Board members for the Public Safety Spectrum Trust (PSST) last week voted to have the organization’s leadership pursue regional licensees for its commercial 700 MHz D Block partner and scale back the PSST’s financial relationship with its advisor, Cyren Call Communications.

PSST board members voted to pursue the option of regional D Block licenses, something several wireless carriers have said is necessary, because the economics of a nationwide D Block license do not work for the public-private partnership model envisioned by the FCC.

The PSST remains steadfast in its belief that the 10 MHz of public-safety broadband spectrum remain a nationwide license—currently held by the PSST—and still would prefer a nationwide D Block licensee, but the board last Thursday unanimously supported consideration of regionalized commercial licenses, PSST Chairman Harlin McEwen said.

“If you take into consideration that there may not be anybody willing to bid on a nationwide D Block [license], then it is reasonable to look at regional licensing,” McEwen said during an interview with Urgent Communications. “I was authorized to begin discussing this at the [FCC].”

While many industry observers have said that regional licensees would make the proposed public-private partnership more feasible financially for commercial partners, there have been concerns that such a model could result in technological incompatibility and make negotiations with the PSST so complex that it might be difficult to realize the desired nationwide broadband service for public safety.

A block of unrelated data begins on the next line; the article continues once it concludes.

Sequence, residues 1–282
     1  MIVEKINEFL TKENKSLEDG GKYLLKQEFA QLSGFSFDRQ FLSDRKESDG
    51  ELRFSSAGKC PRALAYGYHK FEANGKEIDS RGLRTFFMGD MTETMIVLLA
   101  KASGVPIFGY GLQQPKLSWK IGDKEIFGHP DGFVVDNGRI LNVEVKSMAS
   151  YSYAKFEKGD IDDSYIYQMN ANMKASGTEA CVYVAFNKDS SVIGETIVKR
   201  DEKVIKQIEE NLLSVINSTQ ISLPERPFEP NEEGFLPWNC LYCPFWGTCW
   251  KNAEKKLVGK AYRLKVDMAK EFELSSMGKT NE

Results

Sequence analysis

Others have feared that more highly populated regions would receive bids in an auction, but lowe-population and rural areas would not receive bids, potentially leaving large areas of the country without a commercial partner to build out a 700 MHz network for public safety.

McEwen acknowledged that these issues exist, saying “that’s what we’ll have to work on” to make a regionalized commercial D Block plan viable.

In other action, the PSST voted to alter the organization’s arrangement with Cyren Call, the PSST advisory group led by former Nextel Communications co-founder Morgan O’Brien.

“We have scaled back our financial relationship with Cyren, because we don’t have any money to pay them with, basically,” McEwen said.

Last fall, the PSST—a non-profit organization with no assets other than its nationwide license to 10 MHz of 700 MHz spectrum—agreed to borrow $4 million from Cyren Call, with an option to borrow as much as $12 million. The arrangement has been the subject of considerable scrutiny from the FCC and Congress.

On Thursday, the PSST voted to reduce the option loan amount to $6 million, of which it already has spent $5.1 million, McEwen said. The remaining money should fund the PSST’s operations through the end of the year, he said.

If the D Block spectrum is successfully auctioned, the PSST would need additional funds to prepare for negotiations with the commercial partner—or partners, if the FCC adopts a regional approach—McEwen said.

“We’re exploring various options to do that [secure additional funding],” he said.

In addition, the PSST board voted to allow Cyren Call to pursue other business outside of its service to the PSST, something that was not permitted under the original agreement. Under the new agreement, Cyren Call can seek other clients but cannot sign a contract with a new client unless the PSST determines that doing so does not conflict with the PSST’s mission.

“They have to check with us first,” McEwen said.